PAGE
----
Bad breath called Halitosis is a common problem for a large number of population. Halitosis or Bad Breath occurs when noticeably unpleasant odors are exhaled in breathing. Halitosis or Bad Breath is projected to be the third most common reason for seeking dental aid following tooth decay and periodontal disease.
Causes of Bad Breath
- Strong Smelling Foods. Foods like garlic, onions, meat, fish or cheese having a strong smell can be the source of bad breath. If you do not brush and floss your teeth and tongue daily, particles of food can stay behind in the mouth, collecting bacteria, which can cause bad breath. Dieters may develop unpleasant breath from infrequent eating.
- Periodontal Disease or Gum Disease. Persistent bad breath or a bad taste in the mouth can also be one of the warning signs of Gum Disease that is caused by plaque.
- Dry Mouth. This happens when the production and flow of saliva decreases. Without sufficient saliva, food particles are not washed away. If you have a medical condition of dry mouth, dentist may recommend artificial saliva, or suggest using sugarless candy or increase your fluid intake.
- Use of Tobacco and Smoking. Tobacco consumers are more likely to suffer from gum disease and are at greater risk for developing oral cancer. Strong smell of Tobacco and chemicals may cause bad breath
- Medical Conditions. A number of diseases have symptoms related to bad breath. Sinus or lung infections, bronchitis, diabetes, and some liver or kidney diseases may be linked with bad breath.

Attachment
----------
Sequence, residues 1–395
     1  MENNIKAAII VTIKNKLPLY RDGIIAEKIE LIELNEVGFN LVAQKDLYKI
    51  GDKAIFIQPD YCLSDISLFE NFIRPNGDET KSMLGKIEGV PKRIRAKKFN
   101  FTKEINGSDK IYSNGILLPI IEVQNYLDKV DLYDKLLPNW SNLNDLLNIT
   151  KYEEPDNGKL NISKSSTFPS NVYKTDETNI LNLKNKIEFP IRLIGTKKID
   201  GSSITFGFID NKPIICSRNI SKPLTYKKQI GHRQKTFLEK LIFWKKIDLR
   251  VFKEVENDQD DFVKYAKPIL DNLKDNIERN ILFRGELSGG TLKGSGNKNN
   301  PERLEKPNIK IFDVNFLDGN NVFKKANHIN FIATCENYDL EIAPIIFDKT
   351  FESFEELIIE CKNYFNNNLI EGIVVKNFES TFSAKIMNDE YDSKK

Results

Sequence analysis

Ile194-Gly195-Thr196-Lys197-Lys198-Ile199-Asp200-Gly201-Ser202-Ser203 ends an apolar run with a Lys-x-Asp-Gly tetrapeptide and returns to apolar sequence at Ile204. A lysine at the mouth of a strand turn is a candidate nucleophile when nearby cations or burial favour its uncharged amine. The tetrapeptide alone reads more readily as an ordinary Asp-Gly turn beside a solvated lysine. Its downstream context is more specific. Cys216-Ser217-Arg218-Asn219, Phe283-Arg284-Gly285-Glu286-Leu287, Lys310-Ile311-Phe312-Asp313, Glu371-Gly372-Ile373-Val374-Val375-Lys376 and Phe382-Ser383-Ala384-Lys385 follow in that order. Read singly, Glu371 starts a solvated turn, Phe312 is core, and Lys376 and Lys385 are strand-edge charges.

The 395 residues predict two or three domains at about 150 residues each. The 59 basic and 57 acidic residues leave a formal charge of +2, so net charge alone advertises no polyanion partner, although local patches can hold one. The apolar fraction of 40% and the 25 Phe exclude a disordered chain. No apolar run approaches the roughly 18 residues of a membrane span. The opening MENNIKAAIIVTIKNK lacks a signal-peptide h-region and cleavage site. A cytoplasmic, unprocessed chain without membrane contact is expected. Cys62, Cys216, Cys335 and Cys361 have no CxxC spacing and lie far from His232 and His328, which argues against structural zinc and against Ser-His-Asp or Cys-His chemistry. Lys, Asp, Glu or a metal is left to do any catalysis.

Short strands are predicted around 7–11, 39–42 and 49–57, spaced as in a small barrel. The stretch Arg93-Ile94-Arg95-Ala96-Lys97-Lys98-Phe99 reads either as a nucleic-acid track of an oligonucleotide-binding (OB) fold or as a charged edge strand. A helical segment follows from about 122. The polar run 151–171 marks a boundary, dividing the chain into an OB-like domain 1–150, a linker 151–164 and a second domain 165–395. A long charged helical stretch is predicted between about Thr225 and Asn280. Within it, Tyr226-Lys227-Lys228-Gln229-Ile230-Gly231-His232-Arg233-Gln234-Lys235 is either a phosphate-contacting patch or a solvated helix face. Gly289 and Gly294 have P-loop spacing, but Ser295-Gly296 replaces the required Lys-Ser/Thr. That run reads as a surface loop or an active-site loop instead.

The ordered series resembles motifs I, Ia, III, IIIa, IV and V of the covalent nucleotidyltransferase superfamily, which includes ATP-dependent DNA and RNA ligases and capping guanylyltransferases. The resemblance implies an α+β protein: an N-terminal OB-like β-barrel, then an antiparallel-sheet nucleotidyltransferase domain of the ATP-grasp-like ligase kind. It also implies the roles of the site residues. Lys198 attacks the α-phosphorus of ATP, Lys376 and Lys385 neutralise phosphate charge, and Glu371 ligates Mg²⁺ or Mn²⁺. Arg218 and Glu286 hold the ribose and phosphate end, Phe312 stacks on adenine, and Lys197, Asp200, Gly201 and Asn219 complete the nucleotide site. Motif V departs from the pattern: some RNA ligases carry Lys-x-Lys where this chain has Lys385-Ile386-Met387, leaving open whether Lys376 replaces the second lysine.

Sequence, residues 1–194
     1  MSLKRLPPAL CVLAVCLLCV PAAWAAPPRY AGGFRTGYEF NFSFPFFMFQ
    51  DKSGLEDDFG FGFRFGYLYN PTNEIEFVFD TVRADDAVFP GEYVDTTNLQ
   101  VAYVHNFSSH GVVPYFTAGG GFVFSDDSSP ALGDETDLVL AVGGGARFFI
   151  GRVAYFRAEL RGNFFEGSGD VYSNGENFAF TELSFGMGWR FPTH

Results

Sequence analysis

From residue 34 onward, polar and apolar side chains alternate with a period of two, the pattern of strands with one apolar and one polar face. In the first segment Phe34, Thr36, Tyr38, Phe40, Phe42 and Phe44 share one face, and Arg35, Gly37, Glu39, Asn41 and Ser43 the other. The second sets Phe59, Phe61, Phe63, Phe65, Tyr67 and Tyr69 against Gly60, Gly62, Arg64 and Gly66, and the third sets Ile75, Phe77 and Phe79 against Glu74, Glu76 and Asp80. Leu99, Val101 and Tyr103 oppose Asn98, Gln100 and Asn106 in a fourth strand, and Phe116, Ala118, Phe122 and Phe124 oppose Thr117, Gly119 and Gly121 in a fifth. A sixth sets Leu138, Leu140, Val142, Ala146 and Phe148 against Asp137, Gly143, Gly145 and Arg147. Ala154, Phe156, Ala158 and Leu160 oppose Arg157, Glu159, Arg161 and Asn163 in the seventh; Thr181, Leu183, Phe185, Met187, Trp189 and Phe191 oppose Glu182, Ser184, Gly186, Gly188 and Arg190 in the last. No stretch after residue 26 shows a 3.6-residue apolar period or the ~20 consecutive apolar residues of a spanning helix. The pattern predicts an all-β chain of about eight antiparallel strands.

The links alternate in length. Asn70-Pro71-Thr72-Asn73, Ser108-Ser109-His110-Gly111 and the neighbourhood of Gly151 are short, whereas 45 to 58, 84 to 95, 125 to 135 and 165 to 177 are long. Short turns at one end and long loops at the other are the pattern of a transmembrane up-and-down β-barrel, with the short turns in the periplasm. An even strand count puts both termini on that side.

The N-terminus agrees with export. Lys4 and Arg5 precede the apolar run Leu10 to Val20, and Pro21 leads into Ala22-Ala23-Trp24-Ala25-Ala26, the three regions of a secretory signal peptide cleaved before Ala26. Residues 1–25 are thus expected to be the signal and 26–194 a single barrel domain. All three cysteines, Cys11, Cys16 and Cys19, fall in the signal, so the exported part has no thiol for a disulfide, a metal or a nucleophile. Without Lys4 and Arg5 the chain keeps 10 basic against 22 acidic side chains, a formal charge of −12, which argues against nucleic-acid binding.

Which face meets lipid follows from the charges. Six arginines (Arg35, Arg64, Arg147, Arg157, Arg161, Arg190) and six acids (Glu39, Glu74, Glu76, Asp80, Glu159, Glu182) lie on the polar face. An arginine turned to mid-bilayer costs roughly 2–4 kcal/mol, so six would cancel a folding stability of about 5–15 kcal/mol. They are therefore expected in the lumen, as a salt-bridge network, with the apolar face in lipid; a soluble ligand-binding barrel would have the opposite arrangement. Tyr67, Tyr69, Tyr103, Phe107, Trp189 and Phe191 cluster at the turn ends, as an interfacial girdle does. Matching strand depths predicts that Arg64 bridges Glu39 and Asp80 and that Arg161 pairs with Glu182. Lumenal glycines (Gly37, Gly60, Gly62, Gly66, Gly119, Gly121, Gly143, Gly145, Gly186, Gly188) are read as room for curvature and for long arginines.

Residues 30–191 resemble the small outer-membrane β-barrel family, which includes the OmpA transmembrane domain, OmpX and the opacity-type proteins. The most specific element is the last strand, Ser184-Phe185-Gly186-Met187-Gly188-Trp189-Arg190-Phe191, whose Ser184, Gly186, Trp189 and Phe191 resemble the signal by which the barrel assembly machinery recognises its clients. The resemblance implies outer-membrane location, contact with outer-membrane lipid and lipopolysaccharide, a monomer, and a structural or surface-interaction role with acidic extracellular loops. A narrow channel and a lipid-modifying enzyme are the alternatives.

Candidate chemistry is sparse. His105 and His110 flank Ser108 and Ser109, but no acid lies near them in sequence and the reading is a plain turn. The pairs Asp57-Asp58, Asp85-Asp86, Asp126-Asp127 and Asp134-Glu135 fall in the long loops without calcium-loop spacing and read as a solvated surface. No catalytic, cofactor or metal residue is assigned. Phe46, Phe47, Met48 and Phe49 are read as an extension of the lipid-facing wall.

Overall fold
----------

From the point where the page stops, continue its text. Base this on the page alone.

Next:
Treatment of Bad Breath
physicians and dentists may not be fully understand the cause of Bad Breadth, therefore following strategies are suggested:-
- Cleaning the tongue surface. The most effective way to keep bad breath in control is clean the tongue twice daily; that can be achieved using a toothbrush, tongue cleaner or tongue brush/scraper. Brushing a small amount of antibacterial mouth rinse or tongue gel onto the tongue surface will further inhibit bacterial action.
- Eating a healthy breakfast. Rough foods helps to clean the very back of the tongue.
- Chewing Gum: Chewing sugarless gum can help with the production of saliva, and thereby help to reduce bad breath. Chewing may help particularly when the mouth is dry, or when one cannot perform oral hygiene procedures after meals. Some chewing gums contain special anti-odor ingredients. Chewing on fennel seeds, cinnamon sticks, mastic gum, or fresh parsley are common folk remedies.
- Gargling. Gargling right before bedtime with an effective mouthwash can reduce bad breath. Mouthwashes may contain active ingredients that are inactivated by the soap present in most toothpastes. Thus, it is recommended to refrain from using mouthwash directly after tooth brushing with paste.
- Maintaining proper oral hygiene. Daily tongue cleaning, brushing, flossing, and periodic visits to dentists and hygienists can be helpful in controlling bad breath. Flossing is particularly important in removing rotting food debris and bacterial plaque
- Probiotic treatments, it is claimed specifically that Streptococcus salivarius K12 suppresses malodorous bacteria growth. Certainly, there is more evidence for mechanical tongue cleansing and to a lesser extent specific antimicrobial mouthwashes to control Bad Breath.
- Dental Disease. Gum disease can cause the gums to pull away from the teeth, leaving deep pockets that accumulate odor-causing bacteria. Sometimes these bacteria can be removed only by professional cleaning. Your dentist might also recommend replacing faulty tooth restorations, which can be a breeding ground for bacteria.
Other solutions rely on odor eliminators, such as oxidizers, to eliminate existing bad breath on a short-term basis.
- Oral Hygiene or Dental Hygiene (healthinessbox.com)